Synonyms and other taxonomic changes
First described in 1804 or 1805 by Pierre André Latreille
Parnassius Latreille, . Type species: Papilio apollo Linnaeus
Doritis Fabricius, 1807. Type species: Papilio apollo Linnaeus
Parnassis Hübner,  (or missp. or emend.?). Type species: Papilio apollo Linnaeus
Therius Billberg, 1820. Type species: Papilio apollo Linnaeus
Tadumia Moore, 1902. Type species: Papilio acco Gray
Kailasius Moore, 1902. Type species: Parnassius charltonius Gray
Koramius Moore, 1902. Type species: Parnassius delphius Eversmann
Lingamius Bryk, 1935. Type species: Parnassius hardwickii Gray
Eukoramius Bryk, 1935. Type species: Parnassius imperator Oberthür
Driopa Korshunov, 1988. Type species: Parnassius mnemosyne Linnaeus
Erythrodriopa Korshunov, 1988. Type species: Parnassius ariadne Lederer
Sachaia Korshunov, 1988. Type species: Parnassius tenedius Eversmann
Quinhaicus Korshunov, 1990. Type species: Parnassius szechenyii Frivaldszky
Kreizbergius Korshunov, 1990. Type species: Parnassius simo G. Gray
Eversmanniodriopa Korb, 2005. Type species: Parnassius eversmanni Ménétriés
This genus has had an inordinate number of generic segregates proposed, some of which are considered by most authors to represent subgenera. Our North American species are usually treated as belonging to the subgenera Parnassius [including P. phoebus, behrii & smintheus] and Driopa [including Parnassius eversmanni & clodius].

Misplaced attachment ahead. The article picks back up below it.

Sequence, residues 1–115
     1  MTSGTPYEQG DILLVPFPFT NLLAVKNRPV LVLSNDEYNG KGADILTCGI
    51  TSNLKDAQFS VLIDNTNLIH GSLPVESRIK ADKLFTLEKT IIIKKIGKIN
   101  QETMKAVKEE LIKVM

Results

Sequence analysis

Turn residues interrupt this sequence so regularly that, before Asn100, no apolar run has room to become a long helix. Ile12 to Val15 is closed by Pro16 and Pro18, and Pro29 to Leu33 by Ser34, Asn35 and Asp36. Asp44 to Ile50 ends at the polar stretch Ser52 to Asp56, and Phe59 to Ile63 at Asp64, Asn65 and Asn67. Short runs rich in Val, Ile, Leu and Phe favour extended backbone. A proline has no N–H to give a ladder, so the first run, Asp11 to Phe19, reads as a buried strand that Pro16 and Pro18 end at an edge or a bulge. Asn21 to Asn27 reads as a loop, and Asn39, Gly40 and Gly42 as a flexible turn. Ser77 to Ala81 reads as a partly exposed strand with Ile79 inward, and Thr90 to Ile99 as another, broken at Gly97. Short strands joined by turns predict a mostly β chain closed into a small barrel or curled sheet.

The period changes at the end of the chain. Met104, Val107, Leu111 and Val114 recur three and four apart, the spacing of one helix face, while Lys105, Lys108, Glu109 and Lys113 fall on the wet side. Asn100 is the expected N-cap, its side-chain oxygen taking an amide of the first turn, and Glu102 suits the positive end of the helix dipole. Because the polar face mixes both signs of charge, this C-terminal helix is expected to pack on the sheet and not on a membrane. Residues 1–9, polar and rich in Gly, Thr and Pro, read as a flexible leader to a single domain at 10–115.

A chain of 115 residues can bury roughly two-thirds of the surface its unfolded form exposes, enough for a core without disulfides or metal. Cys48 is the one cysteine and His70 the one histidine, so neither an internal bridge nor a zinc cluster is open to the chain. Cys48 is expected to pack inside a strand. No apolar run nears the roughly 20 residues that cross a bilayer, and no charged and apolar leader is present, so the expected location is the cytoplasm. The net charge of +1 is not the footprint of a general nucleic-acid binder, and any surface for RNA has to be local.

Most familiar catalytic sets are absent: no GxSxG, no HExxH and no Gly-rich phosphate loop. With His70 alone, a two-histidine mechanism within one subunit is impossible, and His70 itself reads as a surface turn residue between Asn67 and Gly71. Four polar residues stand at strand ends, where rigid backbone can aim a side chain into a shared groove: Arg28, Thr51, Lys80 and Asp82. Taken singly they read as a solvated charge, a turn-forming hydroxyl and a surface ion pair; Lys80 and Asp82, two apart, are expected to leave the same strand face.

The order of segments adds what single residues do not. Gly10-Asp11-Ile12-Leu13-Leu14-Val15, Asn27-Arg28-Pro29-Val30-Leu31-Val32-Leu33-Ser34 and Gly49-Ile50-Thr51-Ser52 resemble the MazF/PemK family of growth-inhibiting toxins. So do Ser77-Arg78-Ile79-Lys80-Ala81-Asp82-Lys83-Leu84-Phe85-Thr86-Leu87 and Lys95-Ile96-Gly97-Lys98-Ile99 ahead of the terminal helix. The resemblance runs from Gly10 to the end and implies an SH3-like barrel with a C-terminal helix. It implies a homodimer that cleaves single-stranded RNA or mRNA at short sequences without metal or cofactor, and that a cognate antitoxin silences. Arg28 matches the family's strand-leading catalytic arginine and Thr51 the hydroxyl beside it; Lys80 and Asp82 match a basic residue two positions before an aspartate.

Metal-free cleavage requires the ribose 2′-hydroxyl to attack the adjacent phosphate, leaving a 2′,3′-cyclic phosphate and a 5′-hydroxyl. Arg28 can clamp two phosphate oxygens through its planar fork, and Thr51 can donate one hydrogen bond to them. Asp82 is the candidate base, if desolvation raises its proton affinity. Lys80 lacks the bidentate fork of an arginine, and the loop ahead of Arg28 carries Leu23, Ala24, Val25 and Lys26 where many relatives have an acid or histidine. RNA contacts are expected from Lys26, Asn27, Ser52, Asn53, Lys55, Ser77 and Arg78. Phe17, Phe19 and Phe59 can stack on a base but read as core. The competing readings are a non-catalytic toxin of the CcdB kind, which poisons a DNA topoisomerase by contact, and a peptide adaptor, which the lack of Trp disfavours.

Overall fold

Explanation of Names
comes for Greek Parnassios (Παρνασσiota;ος)- "Parnassian", after a mountain associated with Apollo
in Greek mythology. Latreille created the genus for a species until then called Papilio apollo
, so the reference to Apollo
makes sense. In fact, many of the names chosen for new species and subspecies in this genus have kept up this Apollo/Mount Olympus
The number of species recognized within Parnassius varies widely from author to author, with conservative treatments allowing for around 20 or 30, and more liberal treatments recognizing as many as 50 or 60 species.
Butterflies of America lists 5 species in our area:
eversmanni Ménétriés, 1850
clodius Ménétriés, 1855
phoebus (Fabricius, 1793)
behrii W. H. Edwards, 1870
smintheus E. Doubleday, 1847
The last three replace one another geographically, are closely similar, closely related, and are treated by many authors as belonging to the single wide-ranging Palearctic species Parnassius phoebus.
The first two are also closely related, replacing one another geographically.
Mountains of the Holarctic region (Eurasia and North America), primarily in northern and high elevation climates with cool summers and long cold winters.
Adults visit flowers and take nectar. Larvae feed primarily on plants in the families Fumariaceae or Crassulaceae.
The females of Parnassius
have a "sphragis" that is present on the lower side of the end of the abdomen after mating. It is formed from a hard waxy secretion made by the male during mating and functions to prevent other males from mating with the female afterwards. See illustrations in Ehrlich & Ehrlich 'How to Know the Butterflies
' on page 32.